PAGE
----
Mobile Device Management and the Ubiquity of Mobile Authentication

DevicesWe all know that mobile devices are rapidly becoming an absolutely indispensable component of the online world. , This makes mobile device management even more critical, regardless of who is managing the device: a large enterprise, a small business, or just you.

Online banking and other sites require a mobile device in order to send a one-time password to authenticate transactions. Smartphone apps provide on-demand content, portable transaction data (such as QR codes for your airplane boarding passes), and in-app purchasing options that aren’t possible on traditional desktop and laptop environments. Mobile payment services offer increasing options for transferring funds, often bypassing traditional transactional middlemen or supporting new crypto-currencies such as Bitcoin. 

While MDM technologies have been around for quite some time, the reality is that the ways in which mobile devices are used make them more critical than ever. 

Consider that mobile devices come with risks and threats that are unique to the platform. For one thing, mobile devices are mobile. They're small, portable, and can easily be left somewhere they shouldn't be—the back of a cab, a table at a bar or restaurant, in a bin at an airport security checkpoint, or on the counter in a public restroom. Their form factor makes them prime targets for thieves, and countless numbers are lost or stolen every single year. Each one of those mobile devices can contain sensitive information about the owner and, if the device is also used for corporate information, potentially critical proprietary data about the enterprise.

Another key problem is the security—or lack thereof—of communications. As mobile devices become more common platforms for accessing back office services within the corporate enterprise, they need to connect to those back office systems. And while on-device VPN is a common approach to connect to on-premise data centers, the simultaneous adoption of cloud-based services means that more communications are going directly to mobile-optimized websites. How do people connect to these sites? Most commonly through Wi-Fi networks, especially given the high price of data rates today. Often, mobile device users are connecting to remembered networks...and frequently, these networks are open. The opportunity for man-in-the-middle (MTM) attacks is extreme.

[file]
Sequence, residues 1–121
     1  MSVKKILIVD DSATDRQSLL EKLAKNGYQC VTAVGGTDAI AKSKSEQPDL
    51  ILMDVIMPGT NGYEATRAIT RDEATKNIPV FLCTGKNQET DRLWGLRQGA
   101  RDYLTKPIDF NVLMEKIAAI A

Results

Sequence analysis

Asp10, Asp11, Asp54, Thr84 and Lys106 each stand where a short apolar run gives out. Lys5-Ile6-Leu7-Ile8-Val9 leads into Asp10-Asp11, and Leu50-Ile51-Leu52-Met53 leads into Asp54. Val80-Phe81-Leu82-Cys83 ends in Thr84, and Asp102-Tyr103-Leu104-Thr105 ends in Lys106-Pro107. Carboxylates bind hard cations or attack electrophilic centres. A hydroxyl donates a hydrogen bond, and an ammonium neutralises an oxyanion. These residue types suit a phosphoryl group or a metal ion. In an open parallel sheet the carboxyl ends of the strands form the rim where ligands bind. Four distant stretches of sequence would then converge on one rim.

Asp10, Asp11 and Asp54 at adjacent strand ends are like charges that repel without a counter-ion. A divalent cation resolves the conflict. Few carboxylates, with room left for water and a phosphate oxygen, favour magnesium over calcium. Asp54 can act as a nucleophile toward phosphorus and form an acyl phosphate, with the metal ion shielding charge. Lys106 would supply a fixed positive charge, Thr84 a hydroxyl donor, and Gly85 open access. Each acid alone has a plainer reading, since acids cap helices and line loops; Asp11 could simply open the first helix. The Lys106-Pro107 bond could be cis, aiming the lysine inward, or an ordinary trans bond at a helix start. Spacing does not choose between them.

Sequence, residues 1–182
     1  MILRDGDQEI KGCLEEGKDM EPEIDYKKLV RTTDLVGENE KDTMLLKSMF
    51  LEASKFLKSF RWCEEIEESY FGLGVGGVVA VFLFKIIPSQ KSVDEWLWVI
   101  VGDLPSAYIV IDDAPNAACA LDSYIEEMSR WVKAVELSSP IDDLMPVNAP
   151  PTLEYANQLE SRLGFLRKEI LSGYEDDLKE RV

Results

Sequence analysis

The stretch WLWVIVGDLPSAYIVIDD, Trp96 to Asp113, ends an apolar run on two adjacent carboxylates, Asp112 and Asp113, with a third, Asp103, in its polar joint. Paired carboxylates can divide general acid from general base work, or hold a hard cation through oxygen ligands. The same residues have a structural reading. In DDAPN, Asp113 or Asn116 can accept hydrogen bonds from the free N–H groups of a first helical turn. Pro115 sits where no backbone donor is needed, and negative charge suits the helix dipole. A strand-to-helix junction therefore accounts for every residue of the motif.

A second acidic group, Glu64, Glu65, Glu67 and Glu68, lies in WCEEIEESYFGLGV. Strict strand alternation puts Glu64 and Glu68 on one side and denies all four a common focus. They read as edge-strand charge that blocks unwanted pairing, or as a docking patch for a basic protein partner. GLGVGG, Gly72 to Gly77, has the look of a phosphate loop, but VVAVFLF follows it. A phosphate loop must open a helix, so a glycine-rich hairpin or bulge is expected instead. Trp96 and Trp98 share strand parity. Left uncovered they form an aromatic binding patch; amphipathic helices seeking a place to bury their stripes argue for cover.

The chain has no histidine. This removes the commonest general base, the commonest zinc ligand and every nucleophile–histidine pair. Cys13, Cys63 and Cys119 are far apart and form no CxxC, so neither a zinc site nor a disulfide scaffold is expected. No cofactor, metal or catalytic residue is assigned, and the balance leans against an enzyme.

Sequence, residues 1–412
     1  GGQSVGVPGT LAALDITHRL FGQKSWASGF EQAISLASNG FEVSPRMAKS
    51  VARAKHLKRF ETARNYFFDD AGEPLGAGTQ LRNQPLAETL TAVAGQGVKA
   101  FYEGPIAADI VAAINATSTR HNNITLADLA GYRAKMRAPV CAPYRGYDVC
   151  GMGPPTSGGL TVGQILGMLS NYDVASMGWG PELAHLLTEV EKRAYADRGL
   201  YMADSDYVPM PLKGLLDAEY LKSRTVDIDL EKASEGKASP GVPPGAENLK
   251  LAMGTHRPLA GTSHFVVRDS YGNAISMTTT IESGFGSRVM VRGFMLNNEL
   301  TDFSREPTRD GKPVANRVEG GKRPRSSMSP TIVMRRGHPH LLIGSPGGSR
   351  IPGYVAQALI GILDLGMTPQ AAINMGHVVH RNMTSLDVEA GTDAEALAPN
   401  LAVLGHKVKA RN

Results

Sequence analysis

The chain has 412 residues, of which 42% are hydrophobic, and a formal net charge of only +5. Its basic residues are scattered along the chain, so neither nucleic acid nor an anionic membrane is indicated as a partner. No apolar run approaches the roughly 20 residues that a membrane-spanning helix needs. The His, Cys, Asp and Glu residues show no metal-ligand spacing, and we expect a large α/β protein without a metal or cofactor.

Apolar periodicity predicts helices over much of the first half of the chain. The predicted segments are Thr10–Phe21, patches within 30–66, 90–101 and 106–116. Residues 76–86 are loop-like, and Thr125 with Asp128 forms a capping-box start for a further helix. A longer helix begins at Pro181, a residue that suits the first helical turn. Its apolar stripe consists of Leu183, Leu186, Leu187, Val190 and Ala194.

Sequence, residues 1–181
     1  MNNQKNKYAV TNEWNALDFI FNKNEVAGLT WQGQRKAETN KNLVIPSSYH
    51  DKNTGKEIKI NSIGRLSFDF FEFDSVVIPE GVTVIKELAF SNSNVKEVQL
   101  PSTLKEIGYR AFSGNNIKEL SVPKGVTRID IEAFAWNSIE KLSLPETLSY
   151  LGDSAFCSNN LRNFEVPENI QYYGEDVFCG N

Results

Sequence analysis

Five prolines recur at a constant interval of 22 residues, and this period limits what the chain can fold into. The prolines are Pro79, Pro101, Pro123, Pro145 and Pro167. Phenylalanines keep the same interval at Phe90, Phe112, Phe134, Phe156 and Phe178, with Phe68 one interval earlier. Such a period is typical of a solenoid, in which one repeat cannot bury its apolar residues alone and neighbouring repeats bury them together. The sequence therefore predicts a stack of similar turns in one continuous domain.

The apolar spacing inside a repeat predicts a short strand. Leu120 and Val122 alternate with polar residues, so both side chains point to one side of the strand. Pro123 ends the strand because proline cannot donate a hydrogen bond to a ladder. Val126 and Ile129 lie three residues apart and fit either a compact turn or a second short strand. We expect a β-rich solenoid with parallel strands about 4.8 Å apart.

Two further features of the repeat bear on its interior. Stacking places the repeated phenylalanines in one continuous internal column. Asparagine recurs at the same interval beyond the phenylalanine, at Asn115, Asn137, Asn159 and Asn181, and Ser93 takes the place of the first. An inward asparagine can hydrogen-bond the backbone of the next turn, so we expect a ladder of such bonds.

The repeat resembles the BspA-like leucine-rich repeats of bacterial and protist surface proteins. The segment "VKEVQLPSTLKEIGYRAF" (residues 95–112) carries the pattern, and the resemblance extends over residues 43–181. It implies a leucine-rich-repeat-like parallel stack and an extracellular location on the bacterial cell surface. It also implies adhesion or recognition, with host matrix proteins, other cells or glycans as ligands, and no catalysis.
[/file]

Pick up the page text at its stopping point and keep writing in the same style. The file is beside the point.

A third problem is simply the fact that many mobile optimization frameworks (which traditional websites use to render their content in a mobile-friendly format), as well as native mobile apps, are not exactly what you might call "bug free." Issues within libraries and frameworks for mobile development, coupled with what are sometimes poor coding practices, make these sites and applications rife for exploitation.

Enter mobile device management (MDM). MDM mitigates these risks in several important ways:

  • On-device beacons can be enabled to track down mobile devices in the event of theft or physical loss. "Phone home" and other location-tracking features can be effective in finding devices soon after they are compromised.
  • OS and application patch management provide consistent, timely updates to discovered and known vulnerabilities within mobile devices, applications, and frameworks, including blacklists and other security content mechanisms.
  • MDM platforms can block insecure communications, ensuring that mobile device users utilize only secure encrypted and properly authenticated channels.

MDM is not a panacea for all mobile device management needs or mobile threats, but it's a good starting point for many organizations. A number of presentations at RSA Conference Asia Pacific & Japan 2014, including the session "Split and Conquer: Don't Put All Your Keys in One Basket" from RSA Conference technologists Kayvan Alikhani and Salah Machani, addressed these issues. But in the absence of absolute bleeding-edge controls, MDM represents the most effective way to gain control over mobile devices and reduce risk.

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